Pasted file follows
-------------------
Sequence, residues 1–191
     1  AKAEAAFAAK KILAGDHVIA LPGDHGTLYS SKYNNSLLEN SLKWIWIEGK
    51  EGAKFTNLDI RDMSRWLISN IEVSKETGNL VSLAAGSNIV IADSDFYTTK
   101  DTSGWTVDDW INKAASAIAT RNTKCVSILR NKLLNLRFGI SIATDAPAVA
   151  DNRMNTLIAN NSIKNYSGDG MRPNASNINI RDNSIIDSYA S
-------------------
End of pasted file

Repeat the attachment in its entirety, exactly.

Sequence, residues 1–191
     1  AKAEAAFAAK KILAGDHVIA LPGDHGTLYS SKYNNSLLEN SLKWIWIEGK
    51  EGAKFTNLDI RDMSRWLISN IEVSKETGNL VSLAAGSNIV IADSDFYTTK
   101  DTSGWTVDDW INKAASAIAT RNTKCVSILR NKLLNLRFGI SIATDAPAVA
   151  DNRMNTLIAN NSIKNYSGDG MRPNASNINI RDNSIIDSYA S